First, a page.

We’re having a priest over for dinner for the first time ever! Fr. Michael Sullivan will be coming over next week, which is super exciting since I’ve been a big fan of his for a long time. He occasionally visits our parish, and I was so blown away by his insightful and eloquent homilies that I went out of my way to get his name so I could know who this amazing priest was (I mentioned him in a post here). As someone who has the anti-charism of cooking, it makes me mildly nervous to be providing a meal for him, but my husband has made me promise that I won’t cook anything off of Pinterest so it should be fine.
This past Lent I tried to give up putting my usual tablespoon of sugar in my morning coffee, and it proved to be a great trial. I would loudly tell Joe or whoever else was around to please write this down for my cause for canonization as I gritted my teeth and whispered, “All for you, Lord!” before I suffered through one sip after another of coffee that was not prepared exactly how I like it.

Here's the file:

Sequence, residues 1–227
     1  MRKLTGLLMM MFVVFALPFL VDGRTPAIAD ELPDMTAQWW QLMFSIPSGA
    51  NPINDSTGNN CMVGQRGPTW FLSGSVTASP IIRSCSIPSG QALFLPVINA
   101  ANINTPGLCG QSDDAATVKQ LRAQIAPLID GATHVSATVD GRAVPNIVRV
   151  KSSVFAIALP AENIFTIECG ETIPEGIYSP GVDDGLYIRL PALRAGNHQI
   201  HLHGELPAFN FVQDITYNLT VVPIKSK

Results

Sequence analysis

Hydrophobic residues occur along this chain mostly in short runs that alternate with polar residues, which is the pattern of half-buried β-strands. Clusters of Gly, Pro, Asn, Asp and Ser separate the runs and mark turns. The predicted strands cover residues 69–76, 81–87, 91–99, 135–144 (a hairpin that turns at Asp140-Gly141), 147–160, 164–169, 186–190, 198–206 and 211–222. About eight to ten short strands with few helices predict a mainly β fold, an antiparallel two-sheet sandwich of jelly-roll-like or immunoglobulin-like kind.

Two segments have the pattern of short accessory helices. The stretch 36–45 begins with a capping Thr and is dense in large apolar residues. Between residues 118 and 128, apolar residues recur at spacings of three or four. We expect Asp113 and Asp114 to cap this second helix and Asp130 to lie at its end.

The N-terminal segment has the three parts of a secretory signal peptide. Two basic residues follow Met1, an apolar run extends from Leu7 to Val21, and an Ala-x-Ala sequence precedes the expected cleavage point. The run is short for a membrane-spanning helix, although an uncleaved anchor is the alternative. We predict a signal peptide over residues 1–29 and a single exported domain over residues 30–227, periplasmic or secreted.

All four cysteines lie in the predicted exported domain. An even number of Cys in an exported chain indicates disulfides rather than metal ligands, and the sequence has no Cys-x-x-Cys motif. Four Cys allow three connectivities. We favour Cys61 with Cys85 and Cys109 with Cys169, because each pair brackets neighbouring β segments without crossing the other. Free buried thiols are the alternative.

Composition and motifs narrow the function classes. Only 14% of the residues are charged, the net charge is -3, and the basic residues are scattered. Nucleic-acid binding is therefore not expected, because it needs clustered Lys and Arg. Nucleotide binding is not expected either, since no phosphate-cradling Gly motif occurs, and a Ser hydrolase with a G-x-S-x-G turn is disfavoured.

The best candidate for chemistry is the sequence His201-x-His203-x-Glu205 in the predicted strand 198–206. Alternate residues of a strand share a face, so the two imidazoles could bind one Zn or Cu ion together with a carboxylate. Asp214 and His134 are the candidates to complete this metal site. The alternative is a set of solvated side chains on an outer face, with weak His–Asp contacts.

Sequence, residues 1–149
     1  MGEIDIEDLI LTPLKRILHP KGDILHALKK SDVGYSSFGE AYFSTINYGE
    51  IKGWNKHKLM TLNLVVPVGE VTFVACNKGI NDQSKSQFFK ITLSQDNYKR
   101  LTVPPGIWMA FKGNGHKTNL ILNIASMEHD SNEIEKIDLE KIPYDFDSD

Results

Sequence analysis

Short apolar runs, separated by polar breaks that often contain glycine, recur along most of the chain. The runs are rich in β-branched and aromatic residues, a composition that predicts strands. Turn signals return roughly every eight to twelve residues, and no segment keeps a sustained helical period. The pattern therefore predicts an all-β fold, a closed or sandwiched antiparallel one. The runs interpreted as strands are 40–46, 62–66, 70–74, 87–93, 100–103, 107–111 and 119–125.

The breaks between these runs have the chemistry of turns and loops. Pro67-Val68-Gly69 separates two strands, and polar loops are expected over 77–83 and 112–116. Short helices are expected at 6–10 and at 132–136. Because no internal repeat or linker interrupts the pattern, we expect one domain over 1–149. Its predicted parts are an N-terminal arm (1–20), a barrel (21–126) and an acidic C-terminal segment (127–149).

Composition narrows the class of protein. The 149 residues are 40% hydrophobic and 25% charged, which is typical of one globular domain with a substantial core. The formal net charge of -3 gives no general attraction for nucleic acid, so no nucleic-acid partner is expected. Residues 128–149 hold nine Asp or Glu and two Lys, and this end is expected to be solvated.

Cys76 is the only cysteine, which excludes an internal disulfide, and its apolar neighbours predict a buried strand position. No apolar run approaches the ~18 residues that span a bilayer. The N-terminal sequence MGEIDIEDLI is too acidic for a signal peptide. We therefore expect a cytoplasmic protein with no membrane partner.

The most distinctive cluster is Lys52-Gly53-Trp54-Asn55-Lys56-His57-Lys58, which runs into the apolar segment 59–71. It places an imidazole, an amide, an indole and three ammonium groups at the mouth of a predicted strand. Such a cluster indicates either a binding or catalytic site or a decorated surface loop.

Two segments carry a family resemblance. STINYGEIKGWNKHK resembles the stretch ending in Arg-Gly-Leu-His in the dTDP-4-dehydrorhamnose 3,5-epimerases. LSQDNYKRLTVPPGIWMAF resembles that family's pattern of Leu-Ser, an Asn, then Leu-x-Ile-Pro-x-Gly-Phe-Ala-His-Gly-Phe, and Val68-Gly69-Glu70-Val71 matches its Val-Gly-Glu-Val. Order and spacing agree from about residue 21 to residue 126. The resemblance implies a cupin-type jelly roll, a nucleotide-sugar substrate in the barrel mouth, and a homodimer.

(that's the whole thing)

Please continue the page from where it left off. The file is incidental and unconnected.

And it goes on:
I need to file this article away to read before next Lent: It’s Ramadan right now, and it’s been getting up to 122° F in some places in the Middle East. This means that a lot of Muslims are going all day without eating or drinking anything. In 120° heat. Wow.
Those of you who were around at midnight may have noticed that my own quick takes were up a bit late tonight. That’s because Joe and I got sidetracked watching videos from some best of Youtube podcast he subscribes to, which includes Frankenkitty, as well as this I-N-S-A-N-E underwater fishing video (check out the footage at 1:20):